Hello Workwell

Owning Your Career Choices at the Holiday Dinner Table

LearnAlyssa Davis
Photo by Kelsey Chance on Unsplash

Photo by Kelsey Chance on Unsplash

“It can feel really embarrassing to fail at ‘adulting’ when having a job is such a big part of that expectation.” – Alisha Miranda, Refinery29

The holidays can feel like a bombardment of career-related questions. “What are you doing with your life?”, “You’re still looking for a new job?” and our personal favorite, “Why did you drop out of law school to pursue the arts?”. It’s enough to make you want to skip out on family gatherings altogether. However, we know that working well means you’re on your own path, you’ll do what’s best for you, and success looks different on every person. So how do you make it through the holidays without throwing a drink in your cousin’s face and going the rest of the day without speaking to your family members?

Times are Changing

Most issues often stem from a lack of understanding – on both ends. Bridging the generation gap can be difficult, especially when we’re now living in a gig economy, student loans are astronomical, unemployment rates for ages 24-29 are still high, and work-life balance isn’t some far-off dream. Gone are the days of choosing one career and sticking with it from age 20 to retirement. Those born from 1960-1980 averaged two job changes before 32 years old, while present-day youth double that number. This can be difficult to comprehend for those who have been at the same career for years on end. They may not understand that your career change is only temporary or that you’re leaving a job because you don’t jive with the company culture – a buzzword that they may scoff at. However, it’s important that you too realize that as much as “they don’t get it”, you also “don’t get it”. They look at their view as the ultimate truth, just as much as you see your view as the only option. See where they’re coming from first, and tactfully approach the matter second.

Steer Conversation in Your Direction

You’ve now come to a place of understanding, and you’re ready to sit down at the table, roll up your sleeves, and get bombarded by your Uncle Dan with all the pressing questions. So they ask, “What are you doing for work?” Instead of immediately jumping into an elevator pitch and hopping on the defense when they don’t understand, Forbes suggests starting with questions to gauge their interest and current knowledge of your field. Try “How familiar are you with the [x, y, z] industry?” You can give them a little background knowledge after seeing where they stand and start the conversation in a positive way, all while debunking any preconceived notions they may have about what it is you do.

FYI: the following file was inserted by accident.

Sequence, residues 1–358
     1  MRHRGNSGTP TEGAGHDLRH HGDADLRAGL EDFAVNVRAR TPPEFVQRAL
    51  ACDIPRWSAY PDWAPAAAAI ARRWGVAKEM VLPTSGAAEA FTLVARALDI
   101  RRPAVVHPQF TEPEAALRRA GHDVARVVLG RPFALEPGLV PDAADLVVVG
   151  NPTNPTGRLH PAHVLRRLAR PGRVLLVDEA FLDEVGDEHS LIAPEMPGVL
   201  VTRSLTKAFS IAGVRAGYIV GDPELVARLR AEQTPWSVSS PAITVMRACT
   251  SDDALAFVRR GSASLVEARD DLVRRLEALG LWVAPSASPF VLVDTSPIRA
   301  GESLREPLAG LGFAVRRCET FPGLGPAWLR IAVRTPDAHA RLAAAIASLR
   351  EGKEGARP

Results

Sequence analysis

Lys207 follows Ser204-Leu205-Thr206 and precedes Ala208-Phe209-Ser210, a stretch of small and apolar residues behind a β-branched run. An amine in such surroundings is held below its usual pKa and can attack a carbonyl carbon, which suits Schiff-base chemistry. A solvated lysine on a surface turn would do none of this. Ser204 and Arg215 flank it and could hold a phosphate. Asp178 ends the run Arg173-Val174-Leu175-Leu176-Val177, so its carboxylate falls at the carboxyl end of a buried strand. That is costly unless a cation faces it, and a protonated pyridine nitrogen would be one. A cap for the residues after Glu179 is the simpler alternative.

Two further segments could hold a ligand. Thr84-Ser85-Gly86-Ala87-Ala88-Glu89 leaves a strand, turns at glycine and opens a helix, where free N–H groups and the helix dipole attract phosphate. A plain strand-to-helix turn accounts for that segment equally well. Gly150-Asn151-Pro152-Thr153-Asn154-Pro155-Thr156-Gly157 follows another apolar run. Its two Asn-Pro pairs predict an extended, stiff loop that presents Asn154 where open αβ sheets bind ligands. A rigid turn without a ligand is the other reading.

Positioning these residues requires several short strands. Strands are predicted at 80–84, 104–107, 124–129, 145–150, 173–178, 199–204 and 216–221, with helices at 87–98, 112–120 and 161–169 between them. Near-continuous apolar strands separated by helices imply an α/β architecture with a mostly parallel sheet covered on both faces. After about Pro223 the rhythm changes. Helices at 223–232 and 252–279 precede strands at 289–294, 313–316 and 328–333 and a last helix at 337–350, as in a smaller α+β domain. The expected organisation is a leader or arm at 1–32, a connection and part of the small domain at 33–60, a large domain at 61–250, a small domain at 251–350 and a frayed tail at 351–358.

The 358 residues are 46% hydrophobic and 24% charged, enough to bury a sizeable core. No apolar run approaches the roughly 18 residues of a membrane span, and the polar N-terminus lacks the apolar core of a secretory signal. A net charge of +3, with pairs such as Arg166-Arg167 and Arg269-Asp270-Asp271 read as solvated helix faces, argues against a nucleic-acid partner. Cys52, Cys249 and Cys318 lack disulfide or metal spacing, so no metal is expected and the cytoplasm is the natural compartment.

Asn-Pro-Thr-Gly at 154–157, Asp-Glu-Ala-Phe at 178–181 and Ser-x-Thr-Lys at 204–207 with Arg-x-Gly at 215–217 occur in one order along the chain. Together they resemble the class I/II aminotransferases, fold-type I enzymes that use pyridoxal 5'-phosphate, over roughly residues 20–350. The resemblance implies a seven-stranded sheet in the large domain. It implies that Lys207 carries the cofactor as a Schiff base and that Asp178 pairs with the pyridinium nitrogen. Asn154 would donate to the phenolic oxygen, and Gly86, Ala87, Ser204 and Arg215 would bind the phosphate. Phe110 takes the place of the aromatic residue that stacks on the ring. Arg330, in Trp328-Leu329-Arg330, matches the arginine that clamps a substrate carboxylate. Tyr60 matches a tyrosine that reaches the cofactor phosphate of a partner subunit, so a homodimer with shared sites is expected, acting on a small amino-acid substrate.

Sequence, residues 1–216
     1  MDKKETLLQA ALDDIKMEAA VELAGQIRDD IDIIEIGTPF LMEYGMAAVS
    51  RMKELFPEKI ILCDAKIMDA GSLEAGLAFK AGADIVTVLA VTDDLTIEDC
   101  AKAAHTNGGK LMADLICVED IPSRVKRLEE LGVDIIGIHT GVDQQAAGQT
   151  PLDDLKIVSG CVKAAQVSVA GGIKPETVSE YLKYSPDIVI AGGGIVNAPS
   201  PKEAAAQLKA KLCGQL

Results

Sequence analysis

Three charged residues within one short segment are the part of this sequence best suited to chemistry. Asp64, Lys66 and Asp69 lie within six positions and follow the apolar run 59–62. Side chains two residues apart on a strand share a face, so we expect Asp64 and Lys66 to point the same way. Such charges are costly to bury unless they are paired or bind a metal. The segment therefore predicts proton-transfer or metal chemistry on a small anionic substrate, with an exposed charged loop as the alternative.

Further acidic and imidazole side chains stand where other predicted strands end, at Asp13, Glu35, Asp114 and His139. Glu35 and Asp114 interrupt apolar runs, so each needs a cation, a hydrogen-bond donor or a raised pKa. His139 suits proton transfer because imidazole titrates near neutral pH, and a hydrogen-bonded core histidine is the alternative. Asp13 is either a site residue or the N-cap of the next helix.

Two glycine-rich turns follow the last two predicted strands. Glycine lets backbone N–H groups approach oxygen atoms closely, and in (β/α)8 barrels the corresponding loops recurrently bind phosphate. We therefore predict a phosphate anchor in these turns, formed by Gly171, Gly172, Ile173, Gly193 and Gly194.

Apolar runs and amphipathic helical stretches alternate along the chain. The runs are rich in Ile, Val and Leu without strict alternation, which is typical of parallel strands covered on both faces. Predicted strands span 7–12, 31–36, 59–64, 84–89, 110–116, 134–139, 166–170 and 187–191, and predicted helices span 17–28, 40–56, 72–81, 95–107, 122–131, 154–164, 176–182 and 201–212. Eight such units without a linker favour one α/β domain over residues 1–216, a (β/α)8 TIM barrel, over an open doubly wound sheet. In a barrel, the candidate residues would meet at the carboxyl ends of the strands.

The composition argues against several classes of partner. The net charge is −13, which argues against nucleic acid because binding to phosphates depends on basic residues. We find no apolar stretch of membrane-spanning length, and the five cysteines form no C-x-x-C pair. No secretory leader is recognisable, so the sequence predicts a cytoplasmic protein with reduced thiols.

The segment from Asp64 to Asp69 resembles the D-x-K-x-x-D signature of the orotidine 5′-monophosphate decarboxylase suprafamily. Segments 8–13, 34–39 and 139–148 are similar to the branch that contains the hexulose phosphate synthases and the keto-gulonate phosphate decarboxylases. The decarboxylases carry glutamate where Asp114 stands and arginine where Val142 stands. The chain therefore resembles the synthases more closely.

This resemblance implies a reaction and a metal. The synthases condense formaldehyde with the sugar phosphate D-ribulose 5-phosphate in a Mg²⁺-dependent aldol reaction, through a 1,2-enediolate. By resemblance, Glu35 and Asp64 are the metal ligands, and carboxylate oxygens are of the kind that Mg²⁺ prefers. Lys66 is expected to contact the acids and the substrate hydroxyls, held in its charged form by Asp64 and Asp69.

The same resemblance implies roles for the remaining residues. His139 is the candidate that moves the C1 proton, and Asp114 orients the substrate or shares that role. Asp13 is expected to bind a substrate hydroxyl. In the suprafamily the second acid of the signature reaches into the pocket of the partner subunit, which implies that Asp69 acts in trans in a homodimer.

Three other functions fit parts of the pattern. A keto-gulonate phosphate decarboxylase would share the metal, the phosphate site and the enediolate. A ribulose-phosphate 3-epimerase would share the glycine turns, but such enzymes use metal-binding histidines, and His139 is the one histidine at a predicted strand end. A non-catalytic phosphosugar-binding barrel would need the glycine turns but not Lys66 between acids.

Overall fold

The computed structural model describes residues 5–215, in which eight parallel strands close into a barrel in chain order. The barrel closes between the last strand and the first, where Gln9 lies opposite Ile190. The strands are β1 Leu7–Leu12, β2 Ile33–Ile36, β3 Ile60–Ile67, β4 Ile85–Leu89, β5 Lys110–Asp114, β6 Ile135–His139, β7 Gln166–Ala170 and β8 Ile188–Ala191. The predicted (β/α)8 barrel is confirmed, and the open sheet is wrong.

Make It Relatable

Use analogies. Tell anecdotes. Reference specific incidents where you excelled. If they can grasp onto some piece of it that relates to what they’re used to, they may have a better time understanding what it is you do. It also might put them more at ease, knowing that you are settled into a career you love or are working towards something you’re passionate about.

Assume the Best

Be careful not to mistake their confusion with disapproval. People express worry and concern in different ways. As your family members, and hopefully, people that want what’s best for you, they may come off as disappointed in your professional choices or disapproving of your chosen career. A simple question such as “How is that going to work out long term?” or “When will you get a real job?” can come off as an attack. Our immediate response becomes retreat or duke it out. Neither bodes well for the rest of the holiday. Award-winning journalist and author Celeste Headlee tells Refinery29 to come at these poorly worded questions with a genuine sense of curiosity. She suggests asking, “Why do you say that?” This can unearth the root of where some of their fears are coming from and give you the chance to put them at ease or allow you to be upfront about your vulnerabilities.

People project their fears, insecurities, and prejudices because it’s what they know. You do the same. Remember that it’s less about how they feel about you and more about how they feel about themselves – whether that being that they’ve failed as parents or in their own career or maybe that they’ve gone through the same struggles you’re currently going through and don’t want history to repeat itself.

You Owe Nobody an Explanation

Your professional choices are just that: yours. You don’t have to make anyone understand why you work obscure hours or have four different jobs or are in between careers. You’re never going to make everyone happy, and everyone will have differing ideas of where you should be in life. Don’t let that phase you. If at the end of the day, you are happy with yourself, happy with your choices, and chasing your passion, then own that and live your truth.